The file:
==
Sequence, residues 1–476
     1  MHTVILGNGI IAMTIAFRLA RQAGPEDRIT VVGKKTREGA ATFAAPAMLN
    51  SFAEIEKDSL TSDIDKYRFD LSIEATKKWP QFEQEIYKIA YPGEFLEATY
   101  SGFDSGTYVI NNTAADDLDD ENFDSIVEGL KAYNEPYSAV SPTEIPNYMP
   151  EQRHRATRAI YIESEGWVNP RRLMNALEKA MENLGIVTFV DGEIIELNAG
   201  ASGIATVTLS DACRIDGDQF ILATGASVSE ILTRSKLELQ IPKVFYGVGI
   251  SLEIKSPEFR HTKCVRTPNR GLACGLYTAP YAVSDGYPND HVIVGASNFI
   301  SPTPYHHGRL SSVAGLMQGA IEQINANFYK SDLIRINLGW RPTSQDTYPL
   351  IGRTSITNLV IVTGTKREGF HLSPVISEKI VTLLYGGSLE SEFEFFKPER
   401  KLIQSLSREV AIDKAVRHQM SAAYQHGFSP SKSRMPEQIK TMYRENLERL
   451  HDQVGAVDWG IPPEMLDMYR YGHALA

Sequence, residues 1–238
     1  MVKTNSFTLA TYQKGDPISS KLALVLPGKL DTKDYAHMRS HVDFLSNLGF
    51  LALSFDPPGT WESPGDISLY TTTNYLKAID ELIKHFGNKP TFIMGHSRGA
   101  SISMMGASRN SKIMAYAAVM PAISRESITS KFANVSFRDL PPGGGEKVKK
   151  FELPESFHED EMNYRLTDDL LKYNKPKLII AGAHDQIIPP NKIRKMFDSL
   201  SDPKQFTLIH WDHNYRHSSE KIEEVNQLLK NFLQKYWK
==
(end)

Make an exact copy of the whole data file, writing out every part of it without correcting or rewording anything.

Sequence, residues 1–476
     1  MHTVILGNGI IAMTIAFRLA RQAGPEDRIT VVGKKTREGA ATFAAPAMLN
    51  SFAEIEKDSL TSDIDKYRFD LSIEATKKWP QFEQEIYKIA YPGEFLEATY
   101  SGFDSGTYVI NNTAADDLDD ENFDSIVEGL KAYNEPYSAV SPTEIPNYMP
   151  EQRHRATRAI YIESEGWVNP RRLMNALEKA MENLGIVTFV DGEIIELNAG
   201  ASGIATVTLS DACRIDGDQF ILATGASVSE ILTRSKLELQ IPKVFYGVGI
   251  SLEIKSPEFR HTKCVRTPNR GLACGLYTAP YAVSDGYPND HVIVGASNFI
   301  SPTPYHHGRL SSVAGLMQGA IEQINANFYK SDLIRINLGW RPTSQDTYPL
   351  IGRTSITNLV IVTGTKREGF HLSPVISEKI VTLLYGGSLE SEFEFFKPER
   401  KLIQSLSREV AIDKAVRHQM SAAYQHGFSP SKSRMPEQIK TMYRENLERL
   451  HDQVGAVDWG IPPEMLDMYR YGHALA

Sequence, residues 1–238
     1  MVKTNSFTLA TYQKGDPISS KLALVLPGKL DTKDYAHMRS HVDFLSNLGF
    51  LALSFDPPGT WESPGDISLY TTTNYLKAID ELIKHFGNKP TFIMGHSRGA
   101  SISMMGASRN SKIMAYAAVM PAISRESITS KFANVSFRDL PPGGGEKVKK
   151  FELPESFHED EMNYRLTDDL LKYNKPKLII AGAHDQIIPP NKIRKMFDSL
   201  SDPKQFTLIH WDHNYRHSSE KIEEVNQLLK NFLQKYWK